Career Success for Performing Artists
For many Berklee students focused on performance, an entrepreneurial career means finding many ways to make money by making art such as music, dance, theater, or multimedia installations, to name just a few. The resources below may help you as you launch your performance-based career, and we invite you to meet with a Berklee Career Center advisor to discuss your specific plans in more detail.
- Find performance opportunities using the Berklee Career Manager, which features listings exclusively for the Berklee community, or view our list of additional music and entertainment job listings sites to find other opportunities.
- Explore industry directories to find contacts at organizations of interest, and make connections at industry conferences.
- Grantspace, a service of the Foundation Center, offers links to many grant funding opportunities for performing artists.
- Crowdfunding websites offer an opportunity to engage with your fans while seeking their financial support for your work. Among the many popular crowdfunding sites are PledgeMusic, Kickstarter, GoFundMe, and Indiegogo.
- Ongoing crowdfunding—otherwise known as patronage—is one of the earliest forms of support for the arts, and it continues today. Patreon is one online option for seeking recurring support.
- Consider taking courses at Berklee that will help you advance your career and build your brand, such as courses on marketing and digital branding strategies.
- A fiscal sponsor, such as Fractured Atlas, aims to help those who need to focus almost exclusively on their art by handling business needs such as funding, health insurance, finding physical space for rehearsal, etc. Some services are offered for free, while others are available via a monthly subscription fee.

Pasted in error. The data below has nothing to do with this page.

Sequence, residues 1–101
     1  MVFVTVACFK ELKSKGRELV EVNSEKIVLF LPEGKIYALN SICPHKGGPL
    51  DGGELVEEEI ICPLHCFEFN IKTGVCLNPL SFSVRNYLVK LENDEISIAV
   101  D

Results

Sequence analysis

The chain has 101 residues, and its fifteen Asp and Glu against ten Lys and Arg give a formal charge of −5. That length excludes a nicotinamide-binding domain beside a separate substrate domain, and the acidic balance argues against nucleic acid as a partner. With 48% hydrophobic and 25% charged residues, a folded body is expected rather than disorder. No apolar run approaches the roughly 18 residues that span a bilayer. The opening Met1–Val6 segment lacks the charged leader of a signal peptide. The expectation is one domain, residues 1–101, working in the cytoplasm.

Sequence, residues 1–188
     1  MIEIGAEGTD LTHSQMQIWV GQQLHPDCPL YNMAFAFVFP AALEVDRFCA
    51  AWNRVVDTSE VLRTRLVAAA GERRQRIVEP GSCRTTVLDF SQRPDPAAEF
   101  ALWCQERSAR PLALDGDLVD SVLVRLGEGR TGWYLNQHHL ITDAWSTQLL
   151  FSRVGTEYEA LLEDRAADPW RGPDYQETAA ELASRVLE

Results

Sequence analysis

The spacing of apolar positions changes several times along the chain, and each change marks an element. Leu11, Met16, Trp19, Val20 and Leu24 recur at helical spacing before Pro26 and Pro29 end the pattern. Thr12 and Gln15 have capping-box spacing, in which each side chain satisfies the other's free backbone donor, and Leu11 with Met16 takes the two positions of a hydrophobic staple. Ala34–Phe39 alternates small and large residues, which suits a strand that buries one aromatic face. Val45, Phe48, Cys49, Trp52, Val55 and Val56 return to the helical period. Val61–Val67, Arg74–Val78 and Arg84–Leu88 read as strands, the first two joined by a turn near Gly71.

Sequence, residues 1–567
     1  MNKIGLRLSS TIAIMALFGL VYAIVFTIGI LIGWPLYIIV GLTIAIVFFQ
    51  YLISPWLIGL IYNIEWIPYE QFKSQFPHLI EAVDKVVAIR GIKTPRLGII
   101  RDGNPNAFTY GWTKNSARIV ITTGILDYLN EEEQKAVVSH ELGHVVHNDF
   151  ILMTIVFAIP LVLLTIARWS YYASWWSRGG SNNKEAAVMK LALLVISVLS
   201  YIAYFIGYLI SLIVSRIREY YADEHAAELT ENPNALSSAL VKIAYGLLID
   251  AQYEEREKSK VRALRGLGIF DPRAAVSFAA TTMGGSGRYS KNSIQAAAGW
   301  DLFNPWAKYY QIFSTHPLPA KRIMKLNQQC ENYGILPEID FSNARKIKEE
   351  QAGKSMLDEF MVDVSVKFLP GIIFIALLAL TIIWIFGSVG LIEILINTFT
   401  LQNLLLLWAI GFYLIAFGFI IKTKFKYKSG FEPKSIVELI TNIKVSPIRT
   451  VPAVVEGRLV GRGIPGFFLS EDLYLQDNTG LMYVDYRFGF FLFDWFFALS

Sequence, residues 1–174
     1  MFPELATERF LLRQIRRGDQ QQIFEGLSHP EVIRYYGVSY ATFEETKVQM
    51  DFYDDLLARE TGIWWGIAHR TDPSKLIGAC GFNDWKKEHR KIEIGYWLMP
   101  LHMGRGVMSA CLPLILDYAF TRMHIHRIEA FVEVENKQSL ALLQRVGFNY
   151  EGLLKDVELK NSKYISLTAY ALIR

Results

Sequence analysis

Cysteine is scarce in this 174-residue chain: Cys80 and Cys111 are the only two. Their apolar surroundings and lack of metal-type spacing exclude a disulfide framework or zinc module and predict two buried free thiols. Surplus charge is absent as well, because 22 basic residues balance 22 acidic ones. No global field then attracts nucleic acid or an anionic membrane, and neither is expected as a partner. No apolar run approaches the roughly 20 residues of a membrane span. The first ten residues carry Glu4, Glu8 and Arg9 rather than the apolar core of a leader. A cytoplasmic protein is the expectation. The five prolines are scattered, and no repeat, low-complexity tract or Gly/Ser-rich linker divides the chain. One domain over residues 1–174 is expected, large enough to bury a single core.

- Harvard Law School’s Recording Artists Project (RAP) provides pro bono (free) legal assistance for music business matters and has a longstanding relationship with Berklee, providing valuable legal counsel in return for your insights on the music industry.
- The Arts and Business Council of Greater Boston offers volunteer lawyers for the arts, creative fellowships, fiscal sponsorship, and more; similar organizations exist in many major cities (for example, Volunteer Lawyers for the Arts in New York City or Lawyers for the Creative Arts in Chicago).
- The Stan Getz Library and Media Center at Berklee holds a broad array of books and scholarly articles related to the business aspects of a performance career (for example, Music Law: How to Run Your Band’s Business by Richard Stim). In addition to asking your professors, don’t hesitate to ask a college librarian if you need helping finding books on a topic such as how to build your performance career.
- Stay informed about revenue streams for artists through organizations such as the Future of Music Coalition, Dance/USA, and the Actors’ Equity Association.
- Consider joining a professional organization in your field, such as the Association of Performing Arts Presenters (view more professional associations), to network with potential collaborators or employers.